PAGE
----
But perhaps this is why we continuously return to texts like The Color Purple or The Perks of Being A Wallflower. Honesty intrigues us, and we are constantly drawn to human expressions that prove relatable in their sincerity. As he moves through adolescence, Charlie remains refreshingly genuine, connecting with the reader at a level that is beyond the superficial. His quirky inner monologue portrays confidence even as he describes emotions that are far from comfortable.
“I just know that another kid has felt this,” Charlie writes. “This one time when it’s peaceful outside, and you’re seeing things move, and you don’t want to, and everyone is asleep. And all the books you’ve read have been read by other people. And all the songs you’ve loved have been heard by other people. And that girl that’s pretty to you is pretty to other people. And you know that if you looked at these facts when you were happy, you would feel great because you are describing ‘unity.’”
Here, privacy affords Charlie an authenticity unparalleled by any other public medium. Yet Chbosky even adds another layer to notions of journalistic privacy. At the novel’s end, Charlie thanks the unknown “Friend” for listening to his letters and writes that “they were better than a diary because there is communion and a diary can be found.”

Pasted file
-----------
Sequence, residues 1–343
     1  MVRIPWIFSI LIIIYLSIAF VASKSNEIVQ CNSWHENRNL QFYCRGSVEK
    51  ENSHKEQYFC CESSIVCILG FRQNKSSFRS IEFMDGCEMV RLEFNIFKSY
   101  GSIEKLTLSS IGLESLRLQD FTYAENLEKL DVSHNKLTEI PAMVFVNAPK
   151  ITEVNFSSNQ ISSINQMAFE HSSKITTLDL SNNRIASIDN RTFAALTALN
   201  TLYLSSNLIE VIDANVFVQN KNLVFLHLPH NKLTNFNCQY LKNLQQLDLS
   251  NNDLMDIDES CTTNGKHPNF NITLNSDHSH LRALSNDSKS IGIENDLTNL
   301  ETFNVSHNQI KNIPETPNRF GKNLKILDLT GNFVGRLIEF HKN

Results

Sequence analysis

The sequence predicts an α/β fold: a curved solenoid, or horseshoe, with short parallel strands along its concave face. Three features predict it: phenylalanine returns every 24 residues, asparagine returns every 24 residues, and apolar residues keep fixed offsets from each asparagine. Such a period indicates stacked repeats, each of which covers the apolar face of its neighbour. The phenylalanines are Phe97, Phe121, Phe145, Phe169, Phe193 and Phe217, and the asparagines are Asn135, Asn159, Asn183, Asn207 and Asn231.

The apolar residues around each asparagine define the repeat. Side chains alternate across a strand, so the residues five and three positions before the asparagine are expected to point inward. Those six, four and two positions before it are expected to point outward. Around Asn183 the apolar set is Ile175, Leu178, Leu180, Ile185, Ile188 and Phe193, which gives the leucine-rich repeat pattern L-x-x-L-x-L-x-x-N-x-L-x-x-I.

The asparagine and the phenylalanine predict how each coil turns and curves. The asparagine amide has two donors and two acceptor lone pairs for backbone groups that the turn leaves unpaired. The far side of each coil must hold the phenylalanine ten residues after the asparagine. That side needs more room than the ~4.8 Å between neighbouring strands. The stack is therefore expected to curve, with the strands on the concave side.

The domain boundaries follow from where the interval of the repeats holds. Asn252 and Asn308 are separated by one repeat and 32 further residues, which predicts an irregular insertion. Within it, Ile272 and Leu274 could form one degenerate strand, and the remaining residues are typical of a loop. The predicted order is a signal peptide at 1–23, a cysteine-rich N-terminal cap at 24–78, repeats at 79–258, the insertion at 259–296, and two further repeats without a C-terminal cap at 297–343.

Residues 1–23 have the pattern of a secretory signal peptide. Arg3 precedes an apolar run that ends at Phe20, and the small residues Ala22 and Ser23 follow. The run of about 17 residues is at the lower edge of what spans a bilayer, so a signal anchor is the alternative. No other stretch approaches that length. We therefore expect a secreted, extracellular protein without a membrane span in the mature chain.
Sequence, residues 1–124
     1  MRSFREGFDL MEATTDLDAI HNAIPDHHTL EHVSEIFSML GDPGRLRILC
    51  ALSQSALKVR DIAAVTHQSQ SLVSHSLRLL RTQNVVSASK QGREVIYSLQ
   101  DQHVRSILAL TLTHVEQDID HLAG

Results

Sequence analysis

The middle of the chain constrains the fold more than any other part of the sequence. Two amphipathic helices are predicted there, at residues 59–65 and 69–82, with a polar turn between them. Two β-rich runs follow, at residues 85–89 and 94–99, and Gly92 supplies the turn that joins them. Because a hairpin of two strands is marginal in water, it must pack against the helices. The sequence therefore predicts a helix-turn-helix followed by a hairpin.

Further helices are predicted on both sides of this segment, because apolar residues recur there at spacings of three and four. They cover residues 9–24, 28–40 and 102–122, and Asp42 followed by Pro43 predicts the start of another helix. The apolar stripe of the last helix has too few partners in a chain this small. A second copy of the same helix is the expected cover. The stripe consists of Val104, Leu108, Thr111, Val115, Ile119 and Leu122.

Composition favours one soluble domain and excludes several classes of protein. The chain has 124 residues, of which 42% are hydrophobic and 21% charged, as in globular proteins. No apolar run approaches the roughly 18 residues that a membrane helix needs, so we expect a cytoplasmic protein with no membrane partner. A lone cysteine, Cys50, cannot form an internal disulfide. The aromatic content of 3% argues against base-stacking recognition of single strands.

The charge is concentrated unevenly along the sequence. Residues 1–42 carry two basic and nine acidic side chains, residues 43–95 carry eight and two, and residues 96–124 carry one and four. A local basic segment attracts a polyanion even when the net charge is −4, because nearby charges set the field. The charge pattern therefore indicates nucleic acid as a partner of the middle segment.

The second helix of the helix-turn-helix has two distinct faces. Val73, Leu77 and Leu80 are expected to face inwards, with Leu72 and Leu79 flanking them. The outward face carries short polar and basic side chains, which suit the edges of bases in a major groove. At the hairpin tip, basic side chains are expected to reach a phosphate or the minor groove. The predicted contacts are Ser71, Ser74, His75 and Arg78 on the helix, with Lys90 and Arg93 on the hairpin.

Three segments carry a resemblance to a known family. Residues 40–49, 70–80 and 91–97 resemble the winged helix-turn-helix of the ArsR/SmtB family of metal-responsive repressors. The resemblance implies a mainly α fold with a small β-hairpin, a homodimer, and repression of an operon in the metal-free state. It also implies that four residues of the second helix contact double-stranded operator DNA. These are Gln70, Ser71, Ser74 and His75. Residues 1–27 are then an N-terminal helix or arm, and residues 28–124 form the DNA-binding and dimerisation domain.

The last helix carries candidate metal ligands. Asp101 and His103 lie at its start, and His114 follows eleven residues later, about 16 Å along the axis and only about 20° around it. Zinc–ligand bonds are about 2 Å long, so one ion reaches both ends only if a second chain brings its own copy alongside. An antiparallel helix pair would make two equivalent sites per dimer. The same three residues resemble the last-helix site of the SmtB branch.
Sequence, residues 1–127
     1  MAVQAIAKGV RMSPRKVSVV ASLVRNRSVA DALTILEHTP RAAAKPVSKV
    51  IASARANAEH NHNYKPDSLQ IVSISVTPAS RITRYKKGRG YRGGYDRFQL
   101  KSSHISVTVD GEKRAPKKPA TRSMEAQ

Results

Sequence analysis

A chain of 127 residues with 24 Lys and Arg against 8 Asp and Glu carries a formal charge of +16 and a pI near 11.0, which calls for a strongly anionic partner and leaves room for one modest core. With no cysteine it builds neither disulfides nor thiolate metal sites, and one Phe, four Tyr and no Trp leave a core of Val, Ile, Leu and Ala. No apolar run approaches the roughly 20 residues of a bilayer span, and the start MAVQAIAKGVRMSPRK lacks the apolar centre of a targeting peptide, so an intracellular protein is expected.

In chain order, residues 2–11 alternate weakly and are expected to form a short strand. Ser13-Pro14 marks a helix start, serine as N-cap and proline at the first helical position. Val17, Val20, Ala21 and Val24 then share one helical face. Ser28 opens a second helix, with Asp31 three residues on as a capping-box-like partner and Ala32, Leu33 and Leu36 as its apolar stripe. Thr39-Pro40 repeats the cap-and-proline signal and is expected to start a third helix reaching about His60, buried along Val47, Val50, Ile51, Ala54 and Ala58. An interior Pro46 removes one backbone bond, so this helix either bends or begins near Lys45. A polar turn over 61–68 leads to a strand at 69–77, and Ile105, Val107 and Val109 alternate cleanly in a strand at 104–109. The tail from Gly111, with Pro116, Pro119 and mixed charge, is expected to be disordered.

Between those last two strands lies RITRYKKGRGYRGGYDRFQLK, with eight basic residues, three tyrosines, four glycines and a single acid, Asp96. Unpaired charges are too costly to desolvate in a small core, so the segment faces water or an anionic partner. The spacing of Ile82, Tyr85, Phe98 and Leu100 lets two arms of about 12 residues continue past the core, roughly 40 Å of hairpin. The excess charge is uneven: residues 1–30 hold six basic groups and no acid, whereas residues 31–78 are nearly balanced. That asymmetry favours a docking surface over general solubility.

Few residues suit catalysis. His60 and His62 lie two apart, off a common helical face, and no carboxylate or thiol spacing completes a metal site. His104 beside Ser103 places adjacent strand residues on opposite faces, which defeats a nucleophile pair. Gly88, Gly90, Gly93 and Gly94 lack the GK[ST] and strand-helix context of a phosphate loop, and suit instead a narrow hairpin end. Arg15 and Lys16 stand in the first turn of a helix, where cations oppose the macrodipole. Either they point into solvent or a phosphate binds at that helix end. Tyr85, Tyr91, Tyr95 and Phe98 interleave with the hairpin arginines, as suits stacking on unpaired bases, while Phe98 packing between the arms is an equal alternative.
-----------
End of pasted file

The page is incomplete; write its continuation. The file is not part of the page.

So, technically, Charlie is confiding in someone, even though he still understands the mechanics of honest self-expression. He also recognizes that there is something unifying about sharing personal experiences with others, though he remains cautious of strangers stumbling upon his private musings.
With Charlie’s mindset, it seems possible to have both personal and shared intimacy. As a final New Year’s resolution, try taking a dual approach to publicizing self-discoveries. I enjoy spending my evenings organizing my frazzled thoughts into a private diary, basking in the simple art of personal reflection without the pressure of an added audience. When I’m writing this way, jotting down the day’s events lends an extra level of spontaneity to undergraduate life, which can easily seem dull and repetitive with formulaic class structures and extracurriculars. Even if it’s just for my eyes alone, my life takes on a greater significance.
But on the other hand, I also need to share my epiphanies with a few close friends and, yes, sometimes on my Facebook page. I’m best at this, however, only when I’ve taken the time for complete introspection: Saying anything meaningful while worrying about the perspectives of others is nearly impossible.
So when you write, do so honestly and unflinchingly and adopt a Wallflower mentality. Curl up with a notebook splayed across your lap and “let the quiet put things where they are supposed to be.”
Carrie Ruth Moore is a sophomore majoring in English. Her column “Cover to Cover” runs Thursdays.